Tuesday , September 29 2020
Home / Tim Worstall /Well, yes, obviously, what did anyone expect?

Well, yes, obviously, what did anyone expect?

Summary:
Despite the macroeconomic claims of that Modern Monetary Theory there is in fact no magic money tree. Something which BT is just proving again:Faced with a share price collapse and a gaping pension deficit, BT will pass the cost of better broadband onto customersObviously, what did anyone expect? The former state telecoms monopoly is to hike the price of its products by consumer prices index (CPI) inflation plus 3.9pc from March 31, raising hundreds of millions of pounds to help cover coronavirus costs and pay for broadband upgrades across the country....BT shares nonetheless remain close to their lowest ebb in more than a decade amid fears over the costs of ultra-fast “full fibre” broadband upgrades and an ongoing review of its multibillion-pound pensions black hole.Upgrading the

Topics:
Tim Worstall considers the following as important:

This could be interesting, too:

Mises Institute writes Our Fall Campaign Starts Today!

Ludwig Von Mises writes Why “Taxing the Rich” Doesn’t Make Us Better Off

Scott Sumner writes Stephen Williamson on NGDP level targeting

David Stockman writes Enough Already! Breonna Taylor’s Real Killer Was The Endlessly Evil War On Drugs

Despite the macroeconomic claims of that Modern Monetary Theory there is in fact no magic money tree. Something which BT is just proving again:

Faced with a share price collapse and a gaping pension deficit, BT will pass the cost of better broadband onto customers

Obviously, what did anyone expect?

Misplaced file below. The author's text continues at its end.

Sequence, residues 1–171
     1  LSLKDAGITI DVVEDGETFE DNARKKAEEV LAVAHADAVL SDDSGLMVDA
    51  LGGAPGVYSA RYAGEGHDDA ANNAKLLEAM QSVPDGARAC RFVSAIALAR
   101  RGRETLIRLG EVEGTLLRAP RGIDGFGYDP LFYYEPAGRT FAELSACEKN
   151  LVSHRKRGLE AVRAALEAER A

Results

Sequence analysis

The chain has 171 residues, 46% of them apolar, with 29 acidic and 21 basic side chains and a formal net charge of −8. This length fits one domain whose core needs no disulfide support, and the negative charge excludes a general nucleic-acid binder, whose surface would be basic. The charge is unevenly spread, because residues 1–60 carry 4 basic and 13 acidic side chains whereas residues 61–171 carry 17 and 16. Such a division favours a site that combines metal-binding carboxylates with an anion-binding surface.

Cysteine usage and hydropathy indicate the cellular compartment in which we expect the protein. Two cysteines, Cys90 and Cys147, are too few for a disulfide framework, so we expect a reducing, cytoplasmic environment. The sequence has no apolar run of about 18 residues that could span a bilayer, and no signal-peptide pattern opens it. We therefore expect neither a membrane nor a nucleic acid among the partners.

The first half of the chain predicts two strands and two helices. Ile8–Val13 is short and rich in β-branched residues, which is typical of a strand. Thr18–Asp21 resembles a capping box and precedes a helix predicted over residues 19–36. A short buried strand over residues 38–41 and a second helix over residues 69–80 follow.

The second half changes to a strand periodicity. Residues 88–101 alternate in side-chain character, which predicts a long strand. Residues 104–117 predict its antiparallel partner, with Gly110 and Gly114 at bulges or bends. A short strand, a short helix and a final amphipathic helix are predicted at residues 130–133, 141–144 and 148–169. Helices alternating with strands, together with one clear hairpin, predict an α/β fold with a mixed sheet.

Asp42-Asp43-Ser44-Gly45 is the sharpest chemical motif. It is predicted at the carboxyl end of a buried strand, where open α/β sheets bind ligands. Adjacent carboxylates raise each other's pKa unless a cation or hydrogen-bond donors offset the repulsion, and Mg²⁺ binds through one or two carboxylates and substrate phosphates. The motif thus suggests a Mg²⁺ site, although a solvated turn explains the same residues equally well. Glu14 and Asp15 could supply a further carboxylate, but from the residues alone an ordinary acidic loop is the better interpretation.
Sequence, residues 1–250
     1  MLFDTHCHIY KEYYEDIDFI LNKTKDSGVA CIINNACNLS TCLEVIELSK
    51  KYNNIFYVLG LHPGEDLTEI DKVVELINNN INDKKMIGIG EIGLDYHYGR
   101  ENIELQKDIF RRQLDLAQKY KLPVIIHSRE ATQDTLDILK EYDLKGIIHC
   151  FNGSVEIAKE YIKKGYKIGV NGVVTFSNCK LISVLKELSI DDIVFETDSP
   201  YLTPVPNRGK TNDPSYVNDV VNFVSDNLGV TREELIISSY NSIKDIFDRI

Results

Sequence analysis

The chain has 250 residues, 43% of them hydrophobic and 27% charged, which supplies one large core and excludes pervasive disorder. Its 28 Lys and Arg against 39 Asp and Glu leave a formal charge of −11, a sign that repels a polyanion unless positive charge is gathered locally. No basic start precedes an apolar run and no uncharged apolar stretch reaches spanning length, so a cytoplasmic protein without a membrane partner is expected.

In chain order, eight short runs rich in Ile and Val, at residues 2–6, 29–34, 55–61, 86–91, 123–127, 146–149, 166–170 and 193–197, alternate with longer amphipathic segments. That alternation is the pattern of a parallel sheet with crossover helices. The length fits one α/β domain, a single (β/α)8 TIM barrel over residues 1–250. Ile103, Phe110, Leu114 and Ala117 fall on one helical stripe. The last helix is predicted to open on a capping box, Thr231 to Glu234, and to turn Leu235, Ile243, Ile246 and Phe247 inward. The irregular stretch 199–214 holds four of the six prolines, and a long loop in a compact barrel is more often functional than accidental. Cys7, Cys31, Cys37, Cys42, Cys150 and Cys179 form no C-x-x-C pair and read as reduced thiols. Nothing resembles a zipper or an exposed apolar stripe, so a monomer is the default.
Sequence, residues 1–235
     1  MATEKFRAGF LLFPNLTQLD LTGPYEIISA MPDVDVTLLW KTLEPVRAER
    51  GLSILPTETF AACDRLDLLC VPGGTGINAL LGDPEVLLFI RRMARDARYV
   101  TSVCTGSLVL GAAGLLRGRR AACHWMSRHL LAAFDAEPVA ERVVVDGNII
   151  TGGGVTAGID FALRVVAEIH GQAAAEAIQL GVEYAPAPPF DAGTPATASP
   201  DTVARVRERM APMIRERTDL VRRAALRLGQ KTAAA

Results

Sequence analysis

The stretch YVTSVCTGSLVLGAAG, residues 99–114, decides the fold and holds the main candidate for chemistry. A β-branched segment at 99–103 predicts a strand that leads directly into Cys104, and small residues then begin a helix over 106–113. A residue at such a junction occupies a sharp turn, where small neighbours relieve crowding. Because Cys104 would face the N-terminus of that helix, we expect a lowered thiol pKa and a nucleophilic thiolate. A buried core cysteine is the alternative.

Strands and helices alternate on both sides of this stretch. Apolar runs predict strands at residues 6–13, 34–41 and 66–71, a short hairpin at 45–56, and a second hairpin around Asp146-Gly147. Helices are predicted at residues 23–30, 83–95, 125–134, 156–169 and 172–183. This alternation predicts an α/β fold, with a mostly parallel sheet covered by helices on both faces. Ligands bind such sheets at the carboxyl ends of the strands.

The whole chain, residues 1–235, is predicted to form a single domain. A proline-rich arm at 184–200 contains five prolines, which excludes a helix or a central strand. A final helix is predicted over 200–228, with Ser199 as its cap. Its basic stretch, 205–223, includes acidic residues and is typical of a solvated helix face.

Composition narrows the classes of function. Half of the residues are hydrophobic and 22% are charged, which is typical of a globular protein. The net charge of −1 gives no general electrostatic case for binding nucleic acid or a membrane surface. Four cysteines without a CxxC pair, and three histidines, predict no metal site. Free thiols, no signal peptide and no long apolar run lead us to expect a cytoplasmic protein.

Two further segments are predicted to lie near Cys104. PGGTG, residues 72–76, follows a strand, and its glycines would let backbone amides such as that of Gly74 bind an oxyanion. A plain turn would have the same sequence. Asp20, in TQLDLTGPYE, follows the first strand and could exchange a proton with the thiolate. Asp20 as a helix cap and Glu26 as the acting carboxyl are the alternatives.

The former state telecoms monopoly is to hike the price of its products by consumer prices index (CPI) inflation plus 3.9pc from March 31, raising hundreds of millions of pounds to help cover coronavirus costs and pay for broadband upgrades across the country.

...

BT shares nonetheless remain close to their lowest ebb in more than a decade amid fears over the costs of ultra-fast “full fibre” broadband upgrades and an ongoing review of its multibillion-pound pensions black hole.

Upgrading the broadband network is going to cost money, lots of it. Who is going to, who should, pay that bill? The people who use broadband, obviously. For there isn’t anyone else out there to do so. Even if we we start to insist that everyone should have broadband because it’s essential, therefore the taxpayer should pay. That’s still all - the users of broadband now being all of us by definition - paying for it, isn’t it?

We insist that consumers who upgrade from skirt steak to sirloin pay for it. We insist that those moving up from a £500 beater to a new car pay for it themselves. Moving from ASDL to fibre, get your wallet out. How could it be any other way?

Media enquiries: 07584 778207 (Call only, 24 hour)

Tim Worstall
Tim Worstall is a British-born writer and Senior Fellow of the Adam Smith Institute. Worstall is a regular contributor to Forbes and the Register. He has also written for the Guardian, the New York Times, PandoDaily, the Daily Telegraph blogs, the Times, and The Wall Street Journal. In 2010 his blog was listed as one of the top 100 UK political blogs by Total Politics.

Leave a Reply

Your email address will not be published. Required fields are marked *